In Week One of this course, you were asked to find a child to observe. Using the plan that you created in the second discussion forum this week, you will observe the child using the requirements below and summarize your observation. This can be done in one sitting, or it can be done in two since you will be conducting two different observations. Two is preferable for accuracy of assessment.
For the observation, you will need to:
- Be sure you have the permission of the child’s parent or guardian.
- Exclude any identifying information for this child (e.g., last name).
- Follow the guidelines for minimizing bias shared in section 4.1 of the course textbook.
- Familiarize yourself with sections I-1.6 – I-1.11 of the NAEYC Code of Ethical Conduct regarding assessments.
- Be sure you have the appropriate materials ready:
- You will need either a Running Record Form or an Anecdotal Record Form, whichever you choose. For this form, you will choose one developmental domain to observe (e.g., cognitive, physical, motor, or language).
- You will need either a Time Sampling Form or an Event Sampling Form, whichever you choose. For this form, you will choose one developmental domain to observe (e.g., cognitive, physical, motor, or language).
- Example: Assessing “Bobby,” I would first observe his motor development using an Anecdotal Record Form. In a different sitting, I would observe his cognitive development using an Event Sampling Form.
For the assignment, you will need to include:
- Qualitative Observation (2.25 points): A copy of the completed Running Record Form or Anecdotal Record Form (Remember, this should address one domain).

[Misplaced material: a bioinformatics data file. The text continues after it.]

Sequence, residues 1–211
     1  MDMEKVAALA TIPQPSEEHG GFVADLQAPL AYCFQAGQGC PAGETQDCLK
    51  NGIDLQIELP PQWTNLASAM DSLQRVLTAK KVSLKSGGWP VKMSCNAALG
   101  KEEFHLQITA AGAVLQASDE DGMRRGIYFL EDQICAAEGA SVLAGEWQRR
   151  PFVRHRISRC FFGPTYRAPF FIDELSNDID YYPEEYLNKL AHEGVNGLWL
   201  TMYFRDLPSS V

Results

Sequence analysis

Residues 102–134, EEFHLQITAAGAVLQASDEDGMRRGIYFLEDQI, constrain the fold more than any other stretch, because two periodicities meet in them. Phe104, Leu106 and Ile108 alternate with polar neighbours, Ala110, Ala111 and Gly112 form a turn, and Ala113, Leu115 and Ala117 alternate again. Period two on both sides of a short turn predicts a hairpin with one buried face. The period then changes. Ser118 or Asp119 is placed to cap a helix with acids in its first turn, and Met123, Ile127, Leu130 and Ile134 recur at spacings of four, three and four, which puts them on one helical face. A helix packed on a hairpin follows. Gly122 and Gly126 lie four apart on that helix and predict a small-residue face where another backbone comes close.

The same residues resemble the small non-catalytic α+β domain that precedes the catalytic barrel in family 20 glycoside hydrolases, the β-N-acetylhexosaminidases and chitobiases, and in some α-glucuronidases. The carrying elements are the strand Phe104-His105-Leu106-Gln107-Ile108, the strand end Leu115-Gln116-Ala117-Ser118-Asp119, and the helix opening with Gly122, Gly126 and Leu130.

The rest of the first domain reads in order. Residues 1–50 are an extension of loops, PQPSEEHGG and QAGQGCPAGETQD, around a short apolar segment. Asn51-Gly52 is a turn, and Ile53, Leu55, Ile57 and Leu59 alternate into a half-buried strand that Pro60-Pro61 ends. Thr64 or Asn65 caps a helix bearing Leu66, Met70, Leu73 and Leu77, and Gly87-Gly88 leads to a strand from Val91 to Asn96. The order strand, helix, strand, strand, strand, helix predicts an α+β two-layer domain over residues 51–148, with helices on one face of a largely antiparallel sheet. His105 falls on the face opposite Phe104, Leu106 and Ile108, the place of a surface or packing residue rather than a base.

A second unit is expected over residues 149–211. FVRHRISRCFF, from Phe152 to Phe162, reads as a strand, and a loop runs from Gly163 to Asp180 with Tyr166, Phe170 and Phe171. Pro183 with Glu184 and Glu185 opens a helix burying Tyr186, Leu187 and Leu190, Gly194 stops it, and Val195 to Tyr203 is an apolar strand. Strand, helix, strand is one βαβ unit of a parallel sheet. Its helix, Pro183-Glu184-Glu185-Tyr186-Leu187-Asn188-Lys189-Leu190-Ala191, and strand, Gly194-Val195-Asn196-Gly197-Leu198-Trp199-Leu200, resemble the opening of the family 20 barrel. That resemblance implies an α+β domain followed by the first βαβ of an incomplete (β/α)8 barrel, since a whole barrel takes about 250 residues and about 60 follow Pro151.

- Quantitative Observation (2.25 points): A copy of the completed Time Sampling Form or Event Sampling Form. (This should address a different domain).
- Observation Summary (2.75 points): A one- page summary of the observation(s). In this summary, include:
- How you feel the observation went and why.
- How receptive you feel the child was and why you feel that way. (If using one of the video options, state the reaction of the child upon being videotaped as you see it.)
- The most challenging aspect of this observation.
- The most enjoyable aspect of this observation.
- What you learned from this experience.
- What you would change next time.
- Developmentally Appropriate Activities (2.25 points): A one-page discussion providing some developmentally appropriate activities you might implement for this child to foster growth in each of the developmental domains you observed, and why those activities are a good fit for this child. Use at least one scholarly source to support your discussion.
- Ethical Code of Conduct (1 point): A paragraph explaining how you upheld sections I-1.6 – I-1.11 of the NAEYC Code of Ethical Conduct while conducting your observations. Make sure to provide specific examples to support your explanation.
- Content Development (.25 points): Use appropriate and pertinent content to address ideas within the context of the discipline, shaping the work as a whole.
- Context and Purpose for Writing (.25 points): Demonstrates application of organization and presentation of content. The writing is should be clear and easy to understand.
- Assignment Length (.25 points): Your written paper must be at least three (not including title and reference Along with your three page paper, you must include both observation forms and your title and reference page as one document.
- Title Page: Inclusion of a separate title page with the following:
- Title of presentation
- Student’s name
- Course name and number
- Instructor’s name
- Date submitted
- Source Requirement (0.25 Points): Reference one scholarly sources in addition to the text. All sources included in the References list must be cited in your assignment.
- APA Formatting (0.25 Points): Use APA formatting consistently throughout the assignment, which includes citations in the body of the assignment, the title page, and references list as outlined in the Ashford Writing Center.
- Syntax and Mechanics (0.25 Points): Display meticulous comprehension and organization of syntax and mechanics, such as spelling and grammar.